Most couples dismiss lighting when it comes to styling their wedding reception, thinking that the standard venue lights will ‘do’.

The lights you’ll normally find in a wedding venue will either ‘dull down’ the room, or make it much too bright. This has a massive impact on the ambience and can put your guests in entirely the wrong mood for the night. Lighting sets the tone or the vibe for the whole event – it is part of your styling and should be considered, with budget set aside for it.

Take the table arrangement in the photo below. A ‘pin spot’ light is used to draw your eye to the beautiful flowers in the centre of every table. Without this lighting, the table would lack a focal point and the flower arrangement wouldn’t stand out. It’s a bit like the difference between the radiant glow of a lit candle, versus an un-lit candle.

Well lit wedding table setting

Image by Ovideo at Zest Waterfront, The Spit

As wedding planners, we try to allocate funds for lighting and try to find venues that include lighting in their packages (or at least have lighting rigging in place) to keep costs down. Here are a few tips:

1. When choosing your venue, look at the lighting that is already setup. In particular, look for rooms with lighting ‘rigging’ or ‘tracks’ already in place and pin spots as standard.

2. A venue will charge you extra for using their lights, but it is usually much cheaper than having to hire in all the trusses, rigging and lights. Not to mention all the manpower to transport, setup and pack up the equipment.

3. If you do hire in external lighting, you may need to pay for additional ‘bump-in’ hours (time to setup). Some venues can charge upwards of $1000 for this.

4. Consider other types of lighting such as candles, if allowed. Some venues won’t allow real candles, especially heritage buildings, therefore you will need to provide fake candles (electric or ‘flameless’ candles) if you have your heart set on candles.

5. An easy way of decorating a large surface such as a wall is to use light. Consider using a ‘gobo’, a template inserted into a light that creates a projected pattern. The gobo in the photo below is a snowflake, in keeping with the winter wonderland theme of the wedding.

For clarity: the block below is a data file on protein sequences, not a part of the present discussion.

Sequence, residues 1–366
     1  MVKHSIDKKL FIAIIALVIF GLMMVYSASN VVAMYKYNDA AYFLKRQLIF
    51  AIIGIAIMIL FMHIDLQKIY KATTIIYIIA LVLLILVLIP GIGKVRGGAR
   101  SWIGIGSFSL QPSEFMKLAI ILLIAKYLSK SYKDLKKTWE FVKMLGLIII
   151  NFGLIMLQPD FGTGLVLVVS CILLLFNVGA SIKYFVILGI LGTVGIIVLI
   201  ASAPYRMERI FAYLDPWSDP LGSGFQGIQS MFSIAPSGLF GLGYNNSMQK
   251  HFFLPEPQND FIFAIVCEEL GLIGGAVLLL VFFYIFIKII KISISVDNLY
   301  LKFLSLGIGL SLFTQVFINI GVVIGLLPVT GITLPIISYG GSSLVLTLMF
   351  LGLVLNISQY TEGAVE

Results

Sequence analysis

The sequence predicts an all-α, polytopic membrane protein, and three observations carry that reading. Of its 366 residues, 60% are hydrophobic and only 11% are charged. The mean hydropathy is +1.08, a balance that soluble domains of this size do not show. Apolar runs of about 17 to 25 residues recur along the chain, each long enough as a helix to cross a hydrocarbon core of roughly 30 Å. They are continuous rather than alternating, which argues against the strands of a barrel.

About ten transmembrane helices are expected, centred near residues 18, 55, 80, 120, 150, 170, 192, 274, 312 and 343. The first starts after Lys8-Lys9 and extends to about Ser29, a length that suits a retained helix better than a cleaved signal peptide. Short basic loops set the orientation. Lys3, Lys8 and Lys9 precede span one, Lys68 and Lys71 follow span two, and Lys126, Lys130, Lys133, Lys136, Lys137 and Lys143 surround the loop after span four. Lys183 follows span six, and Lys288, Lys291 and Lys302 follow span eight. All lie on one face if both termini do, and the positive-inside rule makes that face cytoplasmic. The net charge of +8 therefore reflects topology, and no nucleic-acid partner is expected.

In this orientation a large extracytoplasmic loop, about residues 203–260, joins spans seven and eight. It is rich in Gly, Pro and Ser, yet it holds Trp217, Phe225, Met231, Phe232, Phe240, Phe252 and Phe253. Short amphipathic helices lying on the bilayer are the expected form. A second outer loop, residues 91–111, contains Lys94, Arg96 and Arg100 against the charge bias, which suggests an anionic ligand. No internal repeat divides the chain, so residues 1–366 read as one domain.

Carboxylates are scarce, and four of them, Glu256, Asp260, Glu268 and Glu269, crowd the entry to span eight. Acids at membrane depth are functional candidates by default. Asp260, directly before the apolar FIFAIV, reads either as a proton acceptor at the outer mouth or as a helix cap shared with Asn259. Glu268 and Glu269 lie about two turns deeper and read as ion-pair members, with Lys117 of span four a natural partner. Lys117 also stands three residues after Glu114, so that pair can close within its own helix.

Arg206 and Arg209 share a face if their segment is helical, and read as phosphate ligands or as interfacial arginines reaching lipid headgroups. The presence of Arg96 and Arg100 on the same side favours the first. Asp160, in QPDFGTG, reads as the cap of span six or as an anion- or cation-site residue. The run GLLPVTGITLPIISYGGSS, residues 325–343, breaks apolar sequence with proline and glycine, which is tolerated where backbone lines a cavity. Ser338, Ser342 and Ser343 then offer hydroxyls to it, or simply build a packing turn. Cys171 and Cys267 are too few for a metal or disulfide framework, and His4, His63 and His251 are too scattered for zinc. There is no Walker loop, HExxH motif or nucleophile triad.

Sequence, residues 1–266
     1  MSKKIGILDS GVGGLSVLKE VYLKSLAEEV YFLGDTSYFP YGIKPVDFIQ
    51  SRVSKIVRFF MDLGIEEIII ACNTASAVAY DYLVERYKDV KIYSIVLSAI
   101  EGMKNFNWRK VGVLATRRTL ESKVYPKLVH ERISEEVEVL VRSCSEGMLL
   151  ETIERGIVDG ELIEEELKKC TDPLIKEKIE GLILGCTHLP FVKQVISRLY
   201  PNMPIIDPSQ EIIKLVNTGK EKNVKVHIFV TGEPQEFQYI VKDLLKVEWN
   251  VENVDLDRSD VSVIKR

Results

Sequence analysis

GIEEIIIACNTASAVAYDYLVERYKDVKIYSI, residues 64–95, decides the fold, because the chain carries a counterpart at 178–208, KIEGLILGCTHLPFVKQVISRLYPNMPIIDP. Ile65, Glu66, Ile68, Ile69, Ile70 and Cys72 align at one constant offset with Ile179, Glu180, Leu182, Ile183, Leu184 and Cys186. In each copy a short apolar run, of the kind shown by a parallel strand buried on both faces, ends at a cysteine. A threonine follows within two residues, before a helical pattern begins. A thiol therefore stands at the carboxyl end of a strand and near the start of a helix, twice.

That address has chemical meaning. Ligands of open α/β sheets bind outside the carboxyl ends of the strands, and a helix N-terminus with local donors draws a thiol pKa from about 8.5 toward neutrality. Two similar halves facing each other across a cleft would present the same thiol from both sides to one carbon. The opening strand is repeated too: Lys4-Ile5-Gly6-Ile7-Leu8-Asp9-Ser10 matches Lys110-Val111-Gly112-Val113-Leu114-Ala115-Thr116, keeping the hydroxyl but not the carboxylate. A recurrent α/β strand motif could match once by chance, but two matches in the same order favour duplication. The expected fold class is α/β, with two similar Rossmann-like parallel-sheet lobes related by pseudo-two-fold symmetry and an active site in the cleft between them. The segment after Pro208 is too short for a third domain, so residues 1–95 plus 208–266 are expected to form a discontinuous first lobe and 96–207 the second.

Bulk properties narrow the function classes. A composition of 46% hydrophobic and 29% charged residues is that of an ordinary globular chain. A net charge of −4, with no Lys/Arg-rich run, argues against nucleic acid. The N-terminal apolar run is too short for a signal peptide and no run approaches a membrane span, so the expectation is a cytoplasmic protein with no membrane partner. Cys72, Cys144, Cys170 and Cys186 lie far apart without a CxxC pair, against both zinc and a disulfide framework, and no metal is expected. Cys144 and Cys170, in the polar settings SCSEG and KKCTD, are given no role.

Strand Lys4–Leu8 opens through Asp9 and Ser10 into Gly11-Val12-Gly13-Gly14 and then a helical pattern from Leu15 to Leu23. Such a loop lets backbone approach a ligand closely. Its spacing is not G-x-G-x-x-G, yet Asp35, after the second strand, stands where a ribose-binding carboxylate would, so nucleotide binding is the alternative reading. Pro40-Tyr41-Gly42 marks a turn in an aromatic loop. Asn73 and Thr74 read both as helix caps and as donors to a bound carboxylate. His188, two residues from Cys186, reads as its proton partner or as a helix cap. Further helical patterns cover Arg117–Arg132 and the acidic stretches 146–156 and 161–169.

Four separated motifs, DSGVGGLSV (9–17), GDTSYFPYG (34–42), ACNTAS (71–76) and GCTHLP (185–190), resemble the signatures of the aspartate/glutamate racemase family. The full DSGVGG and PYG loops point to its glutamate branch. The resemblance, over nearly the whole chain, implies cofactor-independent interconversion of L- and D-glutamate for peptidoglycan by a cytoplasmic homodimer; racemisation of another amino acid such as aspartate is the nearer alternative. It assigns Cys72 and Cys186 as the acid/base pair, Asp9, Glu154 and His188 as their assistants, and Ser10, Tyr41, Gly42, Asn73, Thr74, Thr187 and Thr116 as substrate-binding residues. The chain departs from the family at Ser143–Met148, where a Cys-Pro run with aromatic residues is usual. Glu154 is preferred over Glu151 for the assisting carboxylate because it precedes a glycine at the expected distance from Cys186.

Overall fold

Lighting using a gobo to create a pattern

Image by GD Photography

6. Don’t forget lighting for your DJ or band. Gone are the days where the band or DJ turn up with their flashing ‘traffic lights’; these days, ‘entertainment lighting’ is all about the pro package, including moving lights (often called ‘moving heads’) and a variety of spotlights. See the photos below for the difference good lighting makes.

Sincopa band performing with “normal” lighting.

Band performing with 'normal' lighting

Sincopa band at the same venue with much better lighting.

Same venue, same band (Sincopa Band) similar setup with much better lighting

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Ms Gingham says: Lighting is so important. Not just for creating the mood of the night but it also makes such a huge difference to the photography. We see such beautiful weddings shot with poor lighting all the time and you know that they’d be done justice a million times more with the right lighting. When you’re left with the images forever this is very much worth looking into.

About Jennifer: Jennifer’s background is in advertising and marketing, working in client and project management. Jennifer has packaged her core abilities, such as negotiating with suppliers, attention to detail, time management, budget know-how, exceptional organisational skills and a flair for design, into the highly successful and respected Bells n Whistles Events.